The Atlantic Report on the World Today: Washington

on the World Today

TO INDIA’S Nehru, “the center of gravity of conflict is shifting from Europe to Asia.” To France’s De Gaulle, Russia, “a white nation of Europe which has conquered part of Asia,” now stands “face to face with the yellow masses of China.” In London the British Government looks upon the Russians as half European, half Asian, and hopes to convince the Soviets that they are in fact all European.

In Washington Secretary of State Christian A. Herter has enunciated a doctrine of partial responsibility, a partial Soviet responsibility for the acts of its neighbor and ally Red China. And in Geneva the United States and Britain try to work out a nuclear test ban agreement with the Soviet Union, an agreement which both sides know might be the way to prevent Peiping from joining the nuclear club. All these are symptoms of what may turn out to be the great world problem of the 1960s — the problem of Communist China.

In the long years when America’s China policy was under the control of John Foster Dulles and his ardently pro-Chiang deputy Walter S. Robertson, the official line was that Peiping’s policy was largely made in Moscow and that it would be the height of folly to hope for any break in the PcipingMoscow relationship. But in the past year, especially in the months since the Chinese repression of Tibet, and since Herter succeeded Dulles, attitudes in Washington have begun to change.

Sino-Soviet differences

The shift in attitudes has been based on some solid evidence of Soviet unhappiness about Red China. It began with Khrushchev‘s remark to Senator Hubert Humphrey that the Chinese commune system was reactionary; it multiplied with Khrushchev’s lecture in Peiping last fall — met with stony silence — that the Chinese should not test the United States in a passage at arms. It has been confirmed by the differing reactions in Moscow and Peiping to the Eisenhower-Herter response to Khrushchev’s peaceful coexistence campaign and his visit to the United States.

Moscow’s Pravda, for example, printed the full text of Herter’s November speech, which said that the world was moving into “what may become a new era of competitive peace.” Herter, said Pravda, “comes much nearer to understanding peaceful coexistence than his predecessor.” But Peiping’s Kwangming Daily called Herter “the true heir” to Dulles and said the secretary merely “reveals the real purpose of the war preparations made by the United States ruling quarters, under the cover of peaceful avowals.”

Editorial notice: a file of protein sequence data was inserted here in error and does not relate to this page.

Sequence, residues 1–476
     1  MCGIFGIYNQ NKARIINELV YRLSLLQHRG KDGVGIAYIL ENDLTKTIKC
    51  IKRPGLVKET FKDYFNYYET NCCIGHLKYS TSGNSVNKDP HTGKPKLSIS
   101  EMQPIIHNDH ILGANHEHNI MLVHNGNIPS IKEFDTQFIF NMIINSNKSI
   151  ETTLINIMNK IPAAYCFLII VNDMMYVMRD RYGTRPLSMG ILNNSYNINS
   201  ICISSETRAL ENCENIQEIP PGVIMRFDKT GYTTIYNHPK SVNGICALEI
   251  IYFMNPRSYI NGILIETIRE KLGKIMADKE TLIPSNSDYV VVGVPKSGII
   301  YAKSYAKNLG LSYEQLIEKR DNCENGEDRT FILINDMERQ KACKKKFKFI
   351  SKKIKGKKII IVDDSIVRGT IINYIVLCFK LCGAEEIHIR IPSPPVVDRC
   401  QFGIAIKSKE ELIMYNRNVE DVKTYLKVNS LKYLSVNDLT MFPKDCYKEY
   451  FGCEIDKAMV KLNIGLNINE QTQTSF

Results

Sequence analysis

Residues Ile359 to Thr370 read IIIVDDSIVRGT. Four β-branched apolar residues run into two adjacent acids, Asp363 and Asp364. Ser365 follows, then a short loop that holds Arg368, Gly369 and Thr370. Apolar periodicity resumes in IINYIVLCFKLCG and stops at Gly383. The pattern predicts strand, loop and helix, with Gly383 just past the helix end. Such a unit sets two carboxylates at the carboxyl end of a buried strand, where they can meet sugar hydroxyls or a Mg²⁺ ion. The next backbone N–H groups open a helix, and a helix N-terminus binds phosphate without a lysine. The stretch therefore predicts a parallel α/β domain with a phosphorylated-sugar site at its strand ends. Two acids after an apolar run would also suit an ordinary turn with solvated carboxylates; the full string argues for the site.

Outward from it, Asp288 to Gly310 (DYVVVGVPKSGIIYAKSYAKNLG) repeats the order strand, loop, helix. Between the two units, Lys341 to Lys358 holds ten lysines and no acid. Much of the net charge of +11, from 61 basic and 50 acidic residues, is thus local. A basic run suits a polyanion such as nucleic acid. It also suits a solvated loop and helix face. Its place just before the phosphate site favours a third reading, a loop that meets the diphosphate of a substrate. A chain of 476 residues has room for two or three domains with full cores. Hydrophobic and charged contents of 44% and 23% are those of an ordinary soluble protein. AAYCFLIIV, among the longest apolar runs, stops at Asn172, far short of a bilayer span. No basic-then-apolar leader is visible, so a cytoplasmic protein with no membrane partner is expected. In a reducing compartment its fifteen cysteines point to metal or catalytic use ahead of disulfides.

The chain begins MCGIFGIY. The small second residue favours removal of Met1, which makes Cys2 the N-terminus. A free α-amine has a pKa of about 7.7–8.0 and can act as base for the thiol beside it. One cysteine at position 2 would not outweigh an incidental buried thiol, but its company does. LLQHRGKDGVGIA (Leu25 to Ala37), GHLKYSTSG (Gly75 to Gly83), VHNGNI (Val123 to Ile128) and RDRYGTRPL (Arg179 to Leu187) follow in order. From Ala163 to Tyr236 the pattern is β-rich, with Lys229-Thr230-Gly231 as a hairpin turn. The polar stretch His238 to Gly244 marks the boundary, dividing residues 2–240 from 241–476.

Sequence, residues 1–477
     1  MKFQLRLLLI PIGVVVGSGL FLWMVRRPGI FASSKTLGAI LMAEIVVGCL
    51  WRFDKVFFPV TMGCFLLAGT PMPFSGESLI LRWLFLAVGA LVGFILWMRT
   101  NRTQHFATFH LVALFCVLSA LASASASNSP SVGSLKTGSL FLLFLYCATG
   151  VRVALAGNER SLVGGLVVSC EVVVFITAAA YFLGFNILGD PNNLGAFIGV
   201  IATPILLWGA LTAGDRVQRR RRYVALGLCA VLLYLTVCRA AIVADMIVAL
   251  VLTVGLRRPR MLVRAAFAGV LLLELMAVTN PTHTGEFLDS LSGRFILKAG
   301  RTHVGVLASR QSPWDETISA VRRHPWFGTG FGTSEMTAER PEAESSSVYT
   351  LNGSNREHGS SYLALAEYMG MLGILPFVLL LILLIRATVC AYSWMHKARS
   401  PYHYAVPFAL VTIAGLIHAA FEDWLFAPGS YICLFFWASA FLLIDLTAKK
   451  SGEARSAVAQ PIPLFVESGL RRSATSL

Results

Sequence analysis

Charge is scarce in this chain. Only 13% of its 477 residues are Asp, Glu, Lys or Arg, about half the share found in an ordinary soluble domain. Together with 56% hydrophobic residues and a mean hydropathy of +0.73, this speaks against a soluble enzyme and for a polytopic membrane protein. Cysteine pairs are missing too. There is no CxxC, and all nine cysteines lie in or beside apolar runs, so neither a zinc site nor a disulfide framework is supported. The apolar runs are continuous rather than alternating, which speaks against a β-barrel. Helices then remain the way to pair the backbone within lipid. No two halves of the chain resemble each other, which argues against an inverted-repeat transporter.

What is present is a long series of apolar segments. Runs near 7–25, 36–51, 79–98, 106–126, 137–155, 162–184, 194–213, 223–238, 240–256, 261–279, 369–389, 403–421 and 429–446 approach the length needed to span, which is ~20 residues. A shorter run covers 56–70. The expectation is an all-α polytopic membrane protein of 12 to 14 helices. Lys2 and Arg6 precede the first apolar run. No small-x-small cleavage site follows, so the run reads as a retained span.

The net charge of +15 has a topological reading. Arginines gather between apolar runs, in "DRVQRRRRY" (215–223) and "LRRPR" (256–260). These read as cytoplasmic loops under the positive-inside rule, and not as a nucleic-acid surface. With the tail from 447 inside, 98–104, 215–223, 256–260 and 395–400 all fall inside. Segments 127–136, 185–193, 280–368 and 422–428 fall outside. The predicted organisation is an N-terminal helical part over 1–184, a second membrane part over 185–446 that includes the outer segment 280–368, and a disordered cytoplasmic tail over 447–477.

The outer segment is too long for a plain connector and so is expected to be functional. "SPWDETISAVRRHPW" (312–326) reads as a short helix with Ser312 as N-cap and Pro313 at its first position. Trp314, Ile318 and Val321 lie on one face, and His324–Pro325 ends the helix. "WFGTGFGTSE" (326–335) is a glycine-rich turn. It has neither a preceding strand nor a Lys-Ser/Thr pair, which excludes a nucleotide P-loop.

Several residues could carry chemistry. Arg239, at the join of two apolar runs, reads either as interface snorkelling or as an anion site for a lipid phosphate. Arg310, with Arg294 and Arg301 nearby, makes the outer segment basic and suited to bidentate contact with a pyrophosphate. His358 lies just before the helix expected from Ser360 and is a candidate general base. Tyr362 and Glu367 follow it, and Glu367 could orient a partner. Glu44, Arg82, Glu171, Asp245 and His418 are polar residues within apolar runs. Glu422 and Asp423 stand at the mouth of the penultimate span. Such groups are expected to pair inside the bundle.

All these bits of evidence, and they include Khrushchev’s stand of something akin to neutralism in the Indian-Chinese border dispute, have altered the Washington view. The problem now is how to play upon these increasing Sino-Soviet differences in view of the accepted principle that the ties that bind the two Communist giants are still far stronger than the divisive forces.

There is widespread gratification in Washington that Chinese belligerence has just about destroyed the Bandung spirit which for so long cast a spell of warmth toward China among the Asian neutrals. Peiping has aroused all the latent Asian fears of historical Chinese expansionism, and its aggressiveness has provoked such actions as the Indonesian drive against Chinese merchants and the strong Indian reaction to Peiping’s border incursions.

It was for these reasons that Eisenhower’s visit to India came at such a good moment psychologically. Perhaps the most useful step which the United States and its Western allies can take to exploit the anti-Chinese attitudes in Asia is to increase economic aid to India and other nations. But that is sure to run into new budget problems within the Administration.

Where the China story will end, one can only guess. Many had hoped that the second Eisenhower Administration would somehow establish a two-Chinas policy. It did in fact take some steps in that direction, but the offshore-island issue was loo big a problem to overcome. Some Washington observers suggest that the only possible resolution now is to have the United States saved by its friends; that is, to have Red China voted into the United Nations over U.S. objections, with Formosa relegated to separate membership in the General Assembly only.